Moreover, the ALJ stated that "listing 1.00" was considered. T 23. However, there is no "listing 1.00."*fn2 Rather, the relevant regulations contain Section 1.00, which is an introductory provision related to the musculoskeletal system impairments that is followed by specific conditions described in Listings 1.02 through 1.08.*fn3 20 C.F.R. Pt. 404, Subpt. P, App. 1 § 1.00. Therefore, it is unclear which specific impairment(s) were considered.

Further, the Court has looked to other portions of the ALJ's decision and is unable to conclude that his step three finding was supported by substantial evidence. See Berry, 675 F.2d at 469 (finding that a court may be able "to look to other portions of the ALJ's decision . . . in finding that his determination was supported by substantial evidence . . . .").

In light of the foregoing, the Court recommends remand. See Hunt v. Astrue, No. 6:06-CV-99, 2008 WL 3836406, at *10 (N.D.N.Y. Aug. 13, 2008) (Kahn, J.) (remanding where the ALJ failed to provide sufficient rationale). On remand, the ALJ shall set forth a sufficient rationale in support of his decision to find or not to find a listed impairment.

B. Residual Functional Capacity

Plaintiff essentially also challenges the RFC finding that she can perform light work.

Dkt. No. 19. Defendant argues that the RFC finding was supported by substantial evidence. Dkt. No. 22.

A claimant's RFC represents a finding of the range of tasks he or she is capable of performing notwithstanding the impairments at issue. 20 C.F.R. § 404.1545(a). An RFC determination is informed by consideration of a claimant's physical abilities, mental abilities, symptomology, including pain, and other limitations which could interfere with work activities on a regular and continuing basis. Id.; Martone, 70 F. Supp. 2d at 150.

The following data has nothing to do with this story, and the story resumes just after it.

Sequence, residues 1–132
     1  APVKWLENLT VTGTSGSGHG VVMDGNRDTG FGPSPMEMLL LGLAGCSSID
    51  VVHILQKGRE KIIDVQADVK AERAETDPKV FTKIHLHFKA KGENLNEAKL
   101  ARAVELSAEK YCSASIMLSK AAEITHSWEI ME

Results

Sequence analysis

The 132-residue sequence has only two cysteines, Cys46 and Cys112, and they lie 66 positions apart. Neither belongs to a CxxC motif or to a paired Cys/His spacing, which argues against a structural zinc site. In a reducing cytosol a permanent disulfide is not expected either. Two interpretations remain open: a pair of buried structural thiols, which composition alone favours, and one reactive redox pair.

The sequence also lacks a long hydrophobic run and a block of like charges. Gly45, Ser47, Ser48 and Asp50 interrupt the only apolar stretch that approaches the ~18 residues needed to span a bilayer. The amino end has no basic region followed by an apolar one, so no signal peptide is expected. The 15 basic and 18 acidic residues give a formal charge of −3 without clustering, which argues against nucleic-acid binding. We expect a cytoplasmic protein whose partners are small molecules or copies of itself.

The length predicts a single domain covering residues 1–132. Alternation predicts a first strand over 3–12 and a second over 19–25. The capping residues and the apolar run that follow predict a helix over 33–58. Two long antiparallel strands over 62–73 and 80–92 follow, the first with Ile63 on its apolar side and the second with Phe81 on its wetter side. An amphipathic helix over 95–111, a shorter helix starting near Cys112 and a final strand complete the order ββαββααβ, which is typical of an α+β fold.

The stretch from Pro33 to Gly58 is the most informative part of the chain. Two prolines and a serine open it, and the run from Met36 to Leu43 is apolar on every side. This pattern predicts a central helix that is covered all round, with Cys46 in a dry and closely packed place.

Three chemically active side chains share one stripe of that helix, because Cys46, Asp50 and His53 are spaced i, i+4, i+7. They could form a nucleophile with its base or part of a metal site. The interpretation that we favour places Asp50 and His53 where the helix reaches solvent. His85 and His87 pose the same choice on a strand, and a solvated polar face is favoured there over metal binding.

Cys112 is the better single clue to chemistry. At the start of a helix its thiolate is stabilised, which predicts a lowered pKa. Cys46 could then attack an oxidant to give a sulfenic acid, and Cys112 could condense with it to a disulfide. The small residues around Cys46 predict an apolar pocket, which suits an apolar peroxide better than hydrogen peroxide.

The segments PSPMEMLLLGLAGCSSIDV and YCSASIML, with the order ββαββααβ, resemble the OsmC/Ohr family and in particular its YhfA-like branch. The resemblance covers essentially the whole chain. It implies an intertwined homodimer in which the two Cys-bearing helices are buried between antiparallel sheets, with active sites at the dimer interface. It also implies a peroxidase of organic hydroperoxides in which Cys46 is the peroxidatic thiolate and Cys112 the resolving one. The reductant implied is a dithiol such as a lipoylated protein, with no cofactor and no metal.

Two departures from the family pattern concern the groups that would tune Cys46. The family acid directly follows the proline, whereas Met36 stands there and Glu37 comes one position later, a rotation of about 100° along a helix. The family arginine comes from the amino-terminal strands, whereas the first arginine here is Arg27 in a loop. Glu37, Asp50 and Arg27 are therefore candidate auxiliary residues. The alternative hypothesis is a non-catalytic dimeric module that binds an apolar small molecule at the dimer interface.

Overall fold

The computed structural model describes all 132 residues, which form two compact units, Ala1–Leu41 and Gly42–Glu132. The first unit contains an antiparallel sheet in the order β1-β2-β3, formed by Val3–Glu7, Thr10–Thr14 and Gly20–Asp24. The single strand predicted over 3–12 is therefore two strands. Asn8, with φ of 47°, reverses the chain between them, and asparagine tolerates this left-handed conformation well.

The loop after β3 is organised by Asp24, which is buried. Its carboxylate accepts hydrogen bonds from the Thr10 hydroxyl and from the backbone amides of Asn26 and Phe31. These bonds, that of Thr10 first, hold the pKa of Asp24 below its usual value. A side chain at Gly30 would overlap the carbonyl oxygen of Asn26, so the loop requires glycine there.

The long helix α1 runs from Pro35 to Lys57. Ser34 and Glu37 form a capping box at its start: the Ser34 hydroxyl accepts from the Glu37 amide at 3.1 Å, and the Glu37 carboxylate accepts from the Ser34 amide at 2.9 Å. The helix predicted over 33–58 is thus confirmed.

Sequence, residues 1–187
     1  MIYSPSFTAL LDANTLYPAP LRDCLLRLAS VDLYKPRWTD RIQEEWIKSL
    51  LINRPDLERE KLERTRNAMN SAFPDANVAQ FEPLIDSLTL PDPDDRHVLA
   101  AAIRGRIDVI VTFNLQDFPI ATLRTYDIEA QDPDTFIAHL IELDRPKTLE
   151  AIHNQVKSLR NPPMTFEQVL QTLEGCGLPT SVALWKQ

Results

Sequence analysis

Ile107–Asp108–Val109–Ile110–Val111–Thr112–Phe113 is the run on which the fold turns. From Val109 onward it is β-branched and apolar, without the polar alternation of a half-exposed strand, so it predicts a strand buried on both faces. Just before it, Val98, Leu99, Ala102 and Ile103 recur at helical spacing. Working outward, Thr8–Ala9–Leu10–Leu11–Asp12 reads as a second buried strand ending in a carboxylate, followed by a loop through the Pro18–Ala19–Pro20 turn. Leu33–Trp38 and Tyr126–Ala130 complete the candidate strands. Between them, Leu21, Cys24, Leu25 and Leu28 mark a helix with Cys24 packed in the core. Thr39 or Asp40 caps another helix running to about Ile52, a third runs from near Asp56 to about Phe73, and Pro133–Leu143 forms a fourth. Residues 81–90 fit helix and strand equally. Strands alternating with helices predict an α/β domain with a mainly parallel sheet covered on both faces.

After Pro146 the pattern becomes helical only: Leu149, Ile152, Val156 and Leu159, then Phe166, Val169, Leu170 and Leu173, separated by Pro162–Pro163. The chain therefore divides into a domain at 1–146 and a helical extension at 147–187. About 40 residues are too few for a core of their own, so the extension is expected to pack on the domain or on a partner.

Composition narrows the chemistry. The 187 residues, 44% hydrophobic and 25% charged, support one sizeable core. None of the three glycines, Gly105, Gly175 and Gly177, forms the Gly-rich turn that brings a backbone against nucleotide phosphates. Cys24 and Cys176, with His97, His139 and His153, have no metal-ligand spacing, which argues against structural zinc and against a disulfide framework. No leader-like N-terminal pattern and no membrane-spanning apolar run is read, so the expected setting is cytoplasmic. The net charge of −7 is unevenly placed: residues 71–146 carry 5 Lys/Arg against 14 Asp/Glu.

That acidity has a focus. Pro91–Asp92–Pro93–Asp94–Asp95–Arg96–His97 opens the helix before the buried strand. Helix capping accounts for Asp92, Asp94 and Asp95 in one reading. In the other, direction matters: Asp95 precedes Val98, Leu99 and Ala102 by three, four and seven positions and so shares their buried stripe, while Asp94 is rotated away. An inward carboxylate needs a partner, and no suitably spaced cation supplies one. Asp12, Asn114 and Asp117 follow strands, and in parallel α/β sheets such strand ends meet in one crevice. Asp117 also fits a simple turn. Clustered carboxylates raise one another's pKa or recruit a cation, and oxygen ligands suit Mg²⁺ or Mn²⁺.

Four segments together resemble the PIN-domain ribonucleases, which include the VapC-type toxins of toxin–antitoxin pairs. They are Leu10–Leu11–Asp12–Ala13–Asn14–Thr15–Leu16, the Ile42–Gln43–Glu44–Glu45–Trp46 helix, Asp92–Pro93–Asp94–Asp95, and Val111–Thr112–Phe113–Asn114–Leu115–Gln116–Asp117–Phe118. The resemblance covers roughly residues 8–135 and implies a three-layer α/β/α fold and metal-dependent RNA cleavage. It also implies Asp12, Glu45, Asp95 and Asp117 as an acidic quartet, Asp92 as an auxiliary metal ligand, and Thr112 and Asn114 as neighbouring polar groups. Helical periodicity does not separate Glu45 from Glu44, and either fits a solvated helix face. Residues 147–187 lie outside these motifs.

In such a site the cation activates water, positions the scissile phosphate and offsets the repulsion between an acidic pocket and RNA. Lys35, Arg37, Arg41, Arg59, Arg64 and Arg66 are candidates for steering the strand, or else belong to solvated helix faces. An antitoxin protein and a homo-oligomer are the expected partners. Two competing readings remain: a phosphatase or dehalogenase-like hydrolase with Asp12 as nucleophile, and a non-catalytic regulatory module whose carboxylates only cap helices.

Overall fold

Here, the ALJ concluded that Plaintiff retained the RFC to perform light work. T 24. In making this determination, the ALJ reviewed some medical evidence*fn4 before rejecting Dr. Shankman's opinion,*fn5 and then specifically stated that the RFC determination was "supported" by an RFC assessment "made at the lower level of adjudication finding the claimant retains the ability to perform light work." T 25 (citing Exhibit 10F). The RFC assessment cited by the ALJ is an undated RFC form completed by Joan Tallet, a "disability examiner" whose qualifications are unknown. Compare T 143 with T 181 (containing name and signature). Accordingly, the Court is unable to conclude that this assessment constituted substantial evidence.

In sum, the Court is unable to conclude that the RFC determination is supported by substantial evidence. Therefore, the matter should be remanded.

WHEREFORE, for the reasons set forth above, it is hereby RECOMMENDED, the Commissioner's determination of no disability be VACATED, and the matter REMANDED to the agency for further consideration.

Pursuant to 28 U.S.C. § 636(b)(1), the parties have fourteen days within which to file written objections to the foregoing report. Such objections shall be filed with the Clerk of the Court. FAILURE TO OBJECT TO THIS REPORT WITHIN FOURTEEN DAYS WILL PRECLUDE APPELLATE REVIEW. Roldan v. Racette, 984 F.2d 85 (2d Cir. 1993) (citing Small v. Secretary of Health and Human Servs., 892 F.2d 15 (2d Cir. 1989)); 28 U.S.C. § 636(b)(1); Fed. R. Civ. P. 72, 6(a), 6(e).